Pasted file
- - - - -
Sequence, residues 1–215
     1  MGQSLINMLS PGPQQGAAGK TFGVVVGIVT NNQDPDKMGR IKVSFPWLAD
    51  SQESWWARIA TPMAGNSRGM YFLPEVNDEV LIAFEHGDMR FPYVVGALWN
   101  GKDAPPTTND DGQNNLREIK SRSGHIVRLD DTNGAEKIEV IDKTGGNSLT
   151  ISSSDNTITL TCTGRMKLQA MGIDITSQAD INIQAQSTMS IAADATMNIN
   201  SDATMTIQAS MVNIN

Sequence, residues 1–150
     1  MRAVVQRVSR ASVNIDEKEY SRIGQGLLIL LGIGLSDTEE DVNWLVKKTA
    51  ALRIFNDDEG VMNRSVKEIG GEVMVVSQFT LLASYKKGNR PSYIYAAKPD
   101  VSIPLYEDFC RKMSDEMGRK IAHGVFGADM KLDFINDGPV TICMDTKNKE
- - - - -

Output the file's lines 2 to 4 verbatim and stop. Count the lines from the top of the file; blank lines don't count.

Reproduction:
     1  MGQSLINMLS PGPQQGAAGK TFGVVVGIVT NNQDPDKMGR IKVSFPWLAD
    51  SQESWWARIA TPMAGNSRGM YFLPEVNDEV LIAFEHGDMR FPYVVGALWN
   101  GKDAPPTTND DGQNNLREIK SRSGHIVRLD DTNGAEKIEV IDKTGGNSLT